Author(s): Cercado B, ChzaroRuiz LF, Ruiz V, LpezPrieto Ide J, Buitrn G,
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Abstract Bioelectrochemical systems (BESs) are based on the catalytic activity of biofilm on electrodes, or the so-called bioelectrodes, to produce electricity and other valuable products. In order to increase bioanode performance, diverse electrode materials and modification methods have been implemented; however, the factors directly affecting performance are yet unclear. In this work carbon cloth electrodes were modified by thermal, chemical, and electrochemical oxidation to enhance oxygenated surface groups, to modify the electrode texture, and consequently the electron transfer rate and biofilm adhesion. The oxidized electrodes were physically, chemically, and electrochemically characterized, then bioanodes were formed at +0.1 V vs. Ag/AgCl using domestic wastewater amended with acetate. The bioanode performance was evaluated according to the current and charge generated. The efficacy of the treatments were in the order Thermal>Electrochemical>Untreated>Chemical oxidation. The maximum current observed with untreated electrode was 0.152±0.026 mA (380±92 mA m(-2)), and it was increased by 78\% and 28\% with thermal and electrochemical oxidized electrodes, respectively. Moreover, the volatile solids correlated significantly with the maximum current obtained, and the electrode texture was revealed as a critical factor for increasing the bioanode performance. Copyright © 2013 Elsevier B.V. All rights reserved.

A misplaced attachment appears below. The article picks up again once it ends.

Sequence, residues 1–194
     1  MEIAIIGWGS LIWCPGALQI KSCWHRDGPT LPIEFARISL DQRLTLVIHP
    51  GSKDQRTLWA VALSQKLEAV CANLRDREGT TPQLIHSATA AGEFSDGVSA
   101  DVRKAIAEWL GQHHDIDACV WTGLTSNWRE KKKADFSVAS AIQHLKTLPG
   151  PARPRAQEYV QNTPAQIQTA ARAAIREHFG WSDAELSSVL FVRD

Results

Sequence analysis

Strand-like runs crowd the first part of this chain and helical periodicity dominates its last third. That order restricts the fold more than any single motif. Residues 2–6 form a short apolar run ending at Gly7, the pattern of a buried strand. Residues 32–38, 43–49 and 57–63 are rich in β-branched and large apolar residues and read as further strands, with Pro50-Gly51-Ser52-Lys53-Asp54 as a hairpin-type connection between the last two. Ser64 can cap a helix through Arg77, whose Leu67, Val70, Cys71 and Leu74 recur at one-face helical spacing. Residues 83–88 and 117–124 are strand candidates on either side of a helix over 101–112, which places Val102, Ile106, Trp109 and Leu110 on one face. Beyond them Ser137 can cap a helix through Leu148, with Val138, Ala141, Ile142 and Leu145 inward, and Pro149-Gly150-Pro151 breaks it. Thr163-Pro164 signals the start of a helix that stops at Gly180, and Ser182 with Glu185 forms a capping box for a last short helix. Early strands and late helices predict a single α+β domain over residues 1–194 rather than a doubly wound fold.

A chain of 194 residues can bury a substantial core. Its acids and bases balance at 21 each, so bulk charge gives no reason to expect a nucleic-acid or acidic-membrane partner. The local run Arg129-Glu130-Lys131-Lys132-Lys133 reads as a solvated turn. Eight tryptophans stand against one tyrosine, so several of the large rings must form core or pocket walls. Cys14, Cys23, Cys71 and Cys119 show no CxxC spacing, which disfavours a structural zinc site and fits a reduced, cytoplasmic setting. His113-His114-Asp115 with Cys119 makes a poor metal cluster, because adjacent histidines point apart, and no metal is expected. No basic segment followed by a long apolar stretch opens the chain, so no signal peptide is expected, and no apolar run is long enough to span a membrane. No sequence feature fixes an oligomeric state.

This article was published in Biosens Bioelectron
and referenced in Journal of Bioremediation & Biodegradation